The thought that, in a few weeks, there is the obscene likelihood that the hapless, hopeless, wooden wonder that is Tony Abbott will be our new Prime Minister is an outcome that fills me with something close to despair. More Howardian than Howard, this Catholic bully boy of negativity is just what our country doesn’t need as we warily tread deeper into the twenty-first century. There is so much that is detestable about his policies – his ‘turn back the boats’ dogma designed to appeal to the rednecks of Sydney’s west; his promise of a mega baby bonus to those already doing quite nicely thank you; his watering down of the mechanisms to alter a climate change he is yet to be convinced is a major threat to the planet. And then, to cap it off, there is his obdurate stance on gay marriage – despite the fact that his own sister is proudly reflecting the colours of the rainbow. At least Kevin has had a change of heart; I suspect responding to his savvy daughter’s pressure as much as to the majority views of the public. Of course Abbott’s entitled to his personal stance, but the sheer bastardry of the man in forbidding a conscience vote for his followers on the Liberal side of the chamber is inexcusable in this day and age. He knows fully two-thirds of the general population is for it. If only my own state’s jelly-livered upper chamber had had the courage to pass the recent bill from the more forward thinking House of Assembly legalising same sex marriage, we’d now be reaping the rewards in the same way as the Kiwis are across the water. Once upon a time Australia was at the forefront of this type of thing – now we drag our heels big time.
Ever since Sean Penn bravely portrayed Harvey Milk in that eponymous movie, even the Americans are now placing gaydom on the screen. More and more of their states have allowed their homosexual constituents their rights under the equality banner. In recent weeks I have had the pleasure of viewing two vastly different films, with gay couples at the core, emanating from that part of the globe. Despite being at opposite ends of the homosexual spectrum, the two couples featured in this duo of cinema delights adored each other – one pair for years, the other for a lifetime.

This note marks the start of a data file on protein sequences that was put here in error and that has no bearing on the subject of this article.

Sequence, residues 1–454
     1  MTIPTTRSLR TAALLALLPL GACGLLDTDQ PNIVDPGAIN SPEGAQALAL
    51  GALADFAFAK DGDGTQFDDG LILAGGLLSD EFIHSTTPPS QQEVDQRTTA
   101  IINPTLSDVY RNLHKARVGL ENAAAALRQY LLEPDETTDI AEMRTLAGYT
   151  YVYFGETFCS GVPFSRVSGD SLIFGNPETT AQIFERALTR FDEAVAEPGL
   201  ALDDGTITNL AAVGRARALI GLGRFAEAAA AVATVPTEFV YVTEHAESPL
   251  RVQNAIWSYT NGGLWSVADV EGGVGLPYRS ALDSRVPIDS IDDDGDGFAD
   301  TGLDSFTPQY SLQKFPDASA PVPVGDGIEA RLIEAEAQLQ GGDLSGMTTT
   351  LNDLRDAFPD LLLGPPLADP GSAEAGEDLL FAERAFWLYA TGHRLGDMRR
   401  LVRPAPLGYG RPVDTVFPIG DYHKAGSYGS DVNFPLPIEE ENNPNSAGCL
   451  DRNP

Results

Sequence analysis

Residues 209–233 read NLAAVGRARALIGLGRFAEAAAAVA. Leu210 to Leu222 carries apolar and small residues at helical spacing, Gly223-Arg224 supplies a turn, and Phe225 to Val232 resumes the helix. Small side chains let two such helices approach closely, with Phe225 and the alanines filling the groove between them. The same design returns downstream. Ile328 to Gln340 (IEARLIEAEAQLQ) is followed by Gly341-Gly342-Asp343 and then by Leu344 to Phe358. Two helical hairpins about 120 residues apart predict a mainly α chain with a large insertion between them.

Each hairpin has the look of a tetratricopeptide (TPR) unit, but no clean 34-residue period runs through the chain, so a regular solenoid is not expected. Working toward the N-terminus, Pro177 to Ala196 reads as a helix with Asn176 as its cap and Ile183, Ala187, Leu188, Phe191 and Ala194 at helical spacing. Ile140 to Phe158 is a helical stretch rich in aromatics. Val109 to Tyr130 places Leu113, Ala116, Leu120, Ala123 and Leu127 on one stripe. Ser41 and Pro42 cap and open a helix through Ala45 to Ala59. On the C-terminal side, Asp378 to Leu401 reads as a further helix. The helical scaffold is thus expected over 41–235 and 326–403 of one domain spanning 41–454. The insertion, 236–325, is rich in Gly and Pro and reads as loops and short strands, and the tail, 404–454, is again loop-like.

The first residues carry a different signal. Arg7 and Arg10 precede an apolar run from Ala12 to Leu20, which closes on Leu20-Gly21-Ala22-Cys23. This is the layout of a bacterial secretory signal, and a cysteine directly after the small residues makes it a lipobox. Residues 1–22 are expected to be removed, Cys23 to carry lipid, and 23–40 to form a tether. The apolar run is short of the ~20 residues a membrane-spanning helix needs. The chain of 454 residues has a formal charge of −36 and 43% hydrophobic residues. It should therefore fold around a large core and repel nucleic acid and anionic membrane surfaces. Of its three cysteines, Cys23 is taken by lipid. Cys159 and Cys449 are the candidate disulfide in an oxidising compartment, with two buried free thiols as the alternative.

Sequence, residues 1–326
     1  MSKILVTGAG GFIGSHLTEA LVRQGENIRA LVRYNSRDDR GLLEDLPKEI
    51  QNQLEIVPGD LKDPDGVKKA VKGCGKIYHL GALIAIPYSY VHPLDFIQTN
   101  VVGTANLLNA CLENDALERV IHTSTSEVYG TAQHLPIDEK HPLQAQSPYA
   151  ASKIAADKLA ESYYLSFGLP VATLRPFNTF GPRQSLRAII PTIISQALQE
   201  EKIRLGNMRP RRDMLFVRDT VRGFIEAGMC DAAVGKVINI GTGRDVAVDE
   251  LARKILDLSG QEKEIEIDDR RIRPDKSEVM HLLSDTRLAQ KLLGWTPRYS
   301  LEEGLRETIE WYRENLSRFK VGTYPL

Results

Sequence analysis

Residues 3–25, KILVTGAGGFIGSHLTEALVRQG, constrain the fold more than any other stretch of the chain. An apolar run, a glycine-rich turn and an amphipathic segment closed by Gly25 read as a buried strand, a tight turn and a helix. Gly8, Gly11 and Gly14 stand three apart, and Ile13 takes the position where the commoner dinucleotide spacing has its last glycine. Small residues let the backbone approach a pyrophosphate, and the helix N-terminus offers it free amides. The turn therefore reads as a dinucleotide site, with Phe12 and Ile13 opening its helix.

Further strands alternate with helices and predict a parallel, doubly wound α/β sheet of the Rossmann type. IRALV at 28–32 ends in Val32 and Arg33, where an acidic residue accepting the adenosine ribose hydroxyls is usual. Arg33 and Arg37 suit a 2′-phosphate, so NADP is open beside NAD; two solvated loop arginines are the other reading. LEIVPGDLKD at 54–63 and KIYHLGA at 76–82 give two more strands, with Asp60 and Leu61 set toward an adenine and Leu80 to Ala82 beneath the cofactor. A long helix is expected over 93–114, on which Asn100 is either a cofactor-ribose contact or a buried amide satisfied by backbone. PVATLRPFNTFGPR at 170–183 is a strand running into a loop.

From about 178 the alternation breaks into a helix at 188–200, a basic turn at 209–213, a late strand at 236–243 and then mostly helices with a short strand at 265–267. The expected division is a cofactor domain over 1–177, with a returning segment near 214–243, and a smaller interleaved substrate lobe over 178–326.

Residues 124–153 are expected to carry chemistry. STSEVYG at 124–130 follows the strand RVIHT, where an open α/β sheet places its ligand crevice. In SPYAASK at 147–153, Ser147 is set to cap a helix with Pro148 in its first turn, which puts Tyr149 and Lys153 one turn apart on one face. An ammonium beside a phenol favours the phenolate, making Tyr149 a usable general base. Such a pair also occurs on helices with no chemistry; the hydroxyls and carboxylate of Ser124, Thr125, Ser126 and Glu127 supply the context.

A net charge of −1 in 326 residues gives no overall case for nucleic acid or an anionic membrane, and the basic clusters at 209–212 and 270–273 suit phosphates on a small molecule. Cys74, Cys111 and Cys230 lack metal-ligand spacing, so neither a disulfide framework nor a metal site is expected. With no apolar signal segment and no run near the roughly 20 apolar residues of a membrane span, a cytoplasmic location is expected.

Michael Douglas, in ‘Behind the Candelabra’, displays the reason uber-director Steven Soderbergh waited patiently for the actor to recover from his close encounter with mortality, in the form of an unusually contracted throat cancer, to make this feature. Masterfully casting against type with both his main leads (Matt Damon plays the love interest), the director conjures the performance that I suspect the son of Kirk will be remembered for, even outranking his Gordon Gekko. Filmed with a Luhrmannesque flourish, if not quite the colour palette, this supposedly is Soderbergh’s last big screen effort before retirement. He has left us with a beauty. Douglas is Liberace, warts and all -including occasionally being minus wig. The man’s sequined high-camp presence is there filling the screen. Sadly this film also marks the end of the road for Marvin Hamlisch, who passed on last August. His piano score reflected all the vivacity of the larger than life pianist. Around the two compelling performances at its centre, there were also some fine turns from the supporting cast enhancing proceedings. In a blast from the past, Debbie Reynolds is delightful as Lee’s mother. Back in those days, of course, the thought of two men joining in holy matrimony was unthinkable. Liberace first wanted Scott Thorson as a lover, then as a doppelganger, then as a son. Finally, though, Scott is turned out into the wilderness as a drug sodden reject. The final scene between the two men was revelatory of the era when the scourge of AIDS was at the disease’s predatory peak.
The bonus in this terrific movie is the performance of Rob Lowe. He almost steals the show as the ultimate parody of a cosmetic surgeon – it’s a world away from his Sam Seaborn of ‘West Wing’ fame doings.
‘Cloudburst’ is a beast of a different nature, as well as of gender. Here the two protagonists were of a similar age – around Liberace’s. One’s apparel is bib ‘n’ brace and flannel shirt; the other’s, almost blind, is a matronly dowd. The former, stirringly played by a feisty Olympia Dukakis, has some tough choices when her partner for life (Brenda Fricker) is railroaded into a nursing home by a zealous daughter, being the only person completely unaware of the true nature of her mother’s relationship. Stella decides to break Dot out of her confinement and do a bolt to Canada, where gay marriage is legal. Of course nothing goes to plan, but with the aide of a very weird hitchhiker – Ryan Douchette – the old dames have some very interesting adventures en route. This film is certainly more conventionally tender-hearted than the biopic. As befits an indie, there’s none of the former’s outward glitz here. This is real life, complete with some blissful New England/Maritimes scenery.
The bonus here is the most in your face hilarious, full frontal male nudity encountered on the screen in quite some time. The point of it being there is uncertain, but it sure livens up the road trip.
These two movies were equally enjoyable for various reasons, but to my mind the best on the subject remains our own ‘The Sum of Us’, with a very young Russell Crowe as a gay son. The iconic Jack Thompson deftly plays his loving father. It is now somewhat dated, but still a joy to watch as I discovered when I inserted it into my DVD player a few weeks back. Given that this was made in 1994, it seems that Australia, once a world leader in social reform, is still only marginally closer, than back then, to granting equality to a significant sector of our society. With Abbott at the helm I fear we will remain as far away as ever. With this and our return to the fears once represented by the abhorrent White Australia Policy – what have we become?